Servicence has the t-peed and will favor the
soft going. L. XI. Eckert is around to his best
form. Jim I. ia fast.
SIXTH RACE—Six furlongs; | year olds and
Index. Horse. Wt.
1955 VEIIE FORTY 93
1957 DAVE MONTGOMERY 105
1942 JUDGE WALTON 113
1945 Tim Judge 110
1955 Russell McGIU 102
1934 Uelteo 1U
1929 Blaze b 110
Velie Forty Ig a rare mudder and looks to
have the speed. Dave Montgomery looks like
Bast Bets—UNCLE JIMMY GRAY. COCXSPUR
JIM THORPE AS A GIANT
THORPE SHOULD BE GOOD TOSSER
Indian Figures Out Every Move in Advance
NEW YORK, Feb. 10. —Jim Thorpe,
the great Indian athlete who has be
come a Giant, has one characteristic
that will be a strong point In his favor
even before his physical dexterity or
knowledge of the game begins to de
"Did you notice," said McGraw en
thusiastically, "that trick or habit he
has of looking out the corner of his eye
and taking ln the surroundings before
he expresses himself on a subject?"
After talking with this wonderful
athlete a few minutes one couldn't help
"That is a sure sign of a calculating
athlete." added McGraw. "I guess you
have observed Mathewson doing It
when apparently he was paying no at
According to McGraw, the ball player
who studies out details is nearly al
That Thorpe Is an observant fellow
was shown when I asked him why he
preferred to join the Giants. He glanced
out of the corner of his eye at a large
framed picture of the New York team
which Included all the substitutes last
"I could have gone to St. Louis and,
according to what the scout told me,
could have been a regular." he said.
"But it occurred to me that I had
never seen any startling newspaper
stories about what the St. Louis team
had done. That is what decided me in
favor of the Giants. If the St. Louis
club was willing to put an untried man
like me on the regular team they would
likely put other untried men on it and
it wouldn't be much of a team. I think
GOSSIP HEARD BY THE MAN IN
THE STREET, COVERING
THE WHOLE WORLD OF SPORTS
The Chicago White Sox are scheduled to play
in San Francisco and live in Oakland. They
should prove a great help to the community.
# * *
Parlor Boy is not as fancy as his name would
indicate. According to the press dispatch from
the Juarez Irack, he is a mud running fool.
* * *
Jim Cortwtt must he good in his monologue, as
those who have seen him are complaining that
his act Is too short.
* * »
Application for passage on the Indoor Yacht
club's cruise to Sisson are coming in so fast that
Commodore Hennessey is planning to add a couple
of rowboats to the main vessel.
* * *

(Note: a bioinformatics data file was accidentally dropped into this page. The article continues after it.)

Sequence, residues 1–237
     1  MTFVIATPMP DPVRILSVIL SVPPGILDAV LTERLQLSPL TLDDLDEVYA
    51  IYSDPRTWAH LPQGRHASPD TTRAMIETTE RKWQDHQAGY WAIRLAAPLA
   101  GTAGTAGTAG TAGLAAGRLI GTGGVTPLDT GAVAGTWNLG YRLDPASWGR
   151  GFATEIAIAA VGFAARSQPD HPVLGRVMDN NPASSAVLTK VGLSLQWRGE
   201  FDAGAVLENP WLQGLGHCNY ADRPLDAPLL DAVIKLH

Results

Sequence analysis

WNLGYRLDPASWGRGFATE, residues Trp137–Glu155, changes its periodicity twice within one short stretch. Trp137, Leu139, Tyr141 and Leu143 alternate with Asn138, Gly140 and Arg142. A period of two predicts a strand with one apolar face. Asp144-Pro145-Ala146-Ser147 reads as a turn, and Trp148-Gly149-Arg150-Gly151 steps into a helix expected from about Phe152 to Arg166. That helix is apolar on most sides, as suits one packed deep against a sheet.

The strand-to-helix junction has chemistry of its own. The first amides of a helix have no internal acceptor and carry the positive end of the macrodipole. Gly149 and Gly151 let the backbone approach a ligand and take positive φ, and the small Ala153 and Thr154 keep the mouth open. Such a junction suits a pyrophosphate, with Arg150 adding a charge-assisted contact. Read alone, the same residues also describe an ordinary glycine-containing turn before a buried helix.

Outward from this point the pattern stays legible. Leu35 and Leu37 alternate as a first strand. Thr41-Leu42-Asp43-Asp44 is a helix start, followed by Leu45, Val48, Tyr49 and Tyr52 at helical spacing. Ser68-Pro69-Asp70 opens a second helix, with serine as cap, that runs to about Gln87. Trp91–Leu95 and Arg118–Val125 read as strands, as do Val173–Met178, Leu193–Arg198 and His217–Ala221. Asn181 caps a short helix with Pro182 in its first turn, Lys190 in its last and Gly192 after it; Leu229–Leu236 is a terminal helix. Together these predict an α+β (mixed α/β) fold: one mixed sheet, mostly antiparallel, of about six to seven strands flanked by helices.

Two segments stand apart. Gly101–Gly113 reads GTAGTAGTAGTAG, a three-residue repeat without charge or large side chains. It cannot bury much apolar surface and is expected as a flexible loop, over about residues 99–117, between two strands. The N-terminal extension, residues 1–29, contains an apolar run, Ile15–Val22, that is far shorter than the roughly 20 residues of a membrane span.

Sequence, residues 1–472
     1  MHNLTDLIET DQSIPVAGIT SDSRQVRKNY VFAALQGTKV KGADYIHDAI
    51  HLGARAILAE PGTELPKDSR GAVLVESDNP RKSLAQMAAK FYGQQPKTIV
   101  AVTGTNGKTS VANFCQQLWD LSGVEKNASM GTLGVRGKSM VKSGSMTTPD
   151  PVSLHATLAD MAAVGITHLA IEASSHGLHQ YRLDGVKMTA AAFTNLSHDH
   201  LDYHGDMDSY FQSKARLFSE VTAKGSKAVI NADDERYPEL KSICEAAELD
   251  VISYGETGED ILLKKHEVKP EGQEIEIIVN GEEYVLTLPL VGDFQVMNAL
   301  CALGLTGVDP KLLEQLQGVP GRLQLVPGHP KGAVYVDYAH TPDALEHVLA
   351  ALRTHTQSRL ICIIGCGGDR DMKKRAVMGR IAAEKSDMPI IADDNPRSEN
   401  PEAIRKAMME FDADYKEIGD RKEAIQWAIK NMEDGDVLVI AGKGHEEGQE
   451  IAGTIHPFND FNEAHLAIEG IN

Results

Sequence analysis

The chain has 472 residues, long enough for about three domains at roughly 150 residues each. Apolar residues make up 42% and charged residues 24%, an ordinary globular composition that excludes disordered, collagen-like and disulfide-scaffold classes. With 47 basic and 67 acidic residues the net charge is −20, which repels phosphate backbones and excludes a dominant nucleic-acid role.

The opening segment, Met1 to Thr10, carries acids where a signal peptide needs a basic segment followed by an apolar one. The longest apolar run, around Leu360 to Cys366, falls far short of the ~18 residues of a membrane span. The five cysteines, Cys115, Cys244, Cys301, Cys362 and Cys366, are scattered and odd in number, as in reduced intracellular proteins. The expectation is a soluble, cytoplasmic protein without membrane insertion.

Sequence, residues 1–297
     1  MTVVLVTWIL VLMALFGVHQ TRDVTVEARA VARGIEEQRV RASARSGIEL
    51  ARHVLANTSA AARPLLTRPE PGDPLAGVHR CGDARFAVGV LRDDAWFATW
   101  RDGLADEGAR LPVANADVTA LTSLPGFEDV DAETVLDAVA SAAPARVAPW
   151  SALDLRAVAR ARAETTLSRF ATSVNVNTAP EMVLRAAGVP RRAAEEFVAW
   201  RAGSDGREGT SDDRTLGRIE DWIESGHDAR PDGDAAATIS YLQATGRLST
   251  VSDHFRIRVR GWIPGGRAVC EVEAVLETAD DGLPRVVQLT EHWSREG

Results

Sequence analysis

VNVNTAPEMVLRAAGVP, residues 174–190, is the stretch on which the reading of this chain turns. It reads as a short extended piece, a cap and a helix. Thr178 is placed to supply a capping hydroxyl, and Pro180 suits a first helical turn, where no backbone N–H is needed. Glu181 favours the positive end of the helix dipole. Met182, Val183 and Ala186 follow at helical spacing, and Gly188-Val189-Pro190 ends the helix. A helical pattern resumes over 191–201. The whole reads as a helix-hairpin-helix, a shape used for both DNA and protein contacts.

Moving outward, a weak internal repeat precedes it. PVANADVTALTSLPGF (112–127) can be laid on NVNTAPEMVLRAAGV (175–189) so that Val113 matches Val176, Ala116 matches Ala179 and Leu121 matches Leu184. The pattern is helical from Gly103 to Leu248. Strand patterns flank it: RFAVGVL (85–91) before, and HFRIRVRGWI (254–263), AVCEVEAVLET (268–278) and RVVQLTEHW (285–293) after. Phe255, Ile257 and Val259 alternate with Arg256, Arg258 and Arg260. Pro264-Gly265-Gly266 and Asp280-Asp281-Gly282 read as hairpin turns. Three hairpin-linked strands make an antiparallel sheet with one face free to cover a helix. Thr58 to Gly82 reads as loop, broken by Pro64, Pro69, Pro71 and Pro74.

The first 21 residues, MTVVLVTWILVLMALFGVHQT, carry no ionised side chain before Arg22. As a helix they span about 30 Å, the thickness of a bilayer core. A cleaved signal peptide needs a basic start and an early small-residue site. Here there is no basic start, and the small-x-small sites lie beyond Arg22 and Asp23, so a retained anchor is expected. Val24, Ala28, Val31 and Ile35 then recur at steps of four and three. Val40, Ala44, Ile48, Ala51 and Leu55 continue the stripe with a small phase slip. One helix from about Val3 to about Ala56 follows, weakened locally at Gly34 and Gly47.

In the absence of Skipper Joe Peering of the
yacht White Seal In the cruise to Sisson, the
wheel of the good boat will be handled by Jim
Orlffln. who is planning to take a select party In
*« * .
The amateur race meet at Burlingame Sunday
reminded many of the good old days. See its
aftermath on the opposite page!
* * *
Charlie Murphy has offered I.arry Cheney $.1,000
to pitch during the coming season, while the lat
ter demands $5,000. Their views on financial
matters are not at ail In harmony.
* * *
I.uther McCarty. white champion. Is said to
have a skin like a baby. After Luther Is
through with the ring he could open a beauty
parlor and get away with it. , **
* # »
Strange how the ham and beaten ball players
are never holdouts. Their trouble seems to be
Jack Lester says he can beat any white man in.
tbe world. We are all from Missouri. John.
* * *
Tom Jones declare* that he Is tired of the box
ing game. Tom is probably troubled with pa
ralysis of the fingers picking up soft change, and
he needs a rest.
I would rather sit on the bench with a
good team than to be on the field with
a bad one. After seeing what good
players do I might be able to do it
"I have never heard of a ball player
who sat on the bench with the Giants
turning out badly," he added. "A lot
of good coaching, I figure. Is worth
more to a young player than a little
Thorpe explained that he had a small
income from his property ln Oklahoma,
but that It was not sufficient for a
good living. In other words, he is
going Into baseball purely for the
money there is in it.
Contrary to the general impression,
Thorpe is not a full blooded Sac and
Fox Indian. His parents are both half
breeds. His father is a well to do
farmer in what was formerly In
dian Territory. Jim was born near a
little place called Prague. He is a
ward of the United States government
and owns a tract of land which is a
part of the grant to the Indians.
Though there Is a general impression
that McGraw signed Thorpe purely for
the sake of having a worldwide famous
attraction for the Giants, the New
York manager is really enthusiastic
over his chances as a player.
"Thorpe is the Ideal build for a hall
player," says McGraw. "He is broad
shouldered, clean limbed and. weighs
176 pounds. His mind is quick and his
record is ample evidence of his game-
I like the way he has of study
ing things out. Of course. I realize
that he will be a big novelty for the
public, but I also expect to turn him
Into a good player."
Ad Wolgast wants a ranch, and ha* picked out
t_e San Francisco public to buy it for him.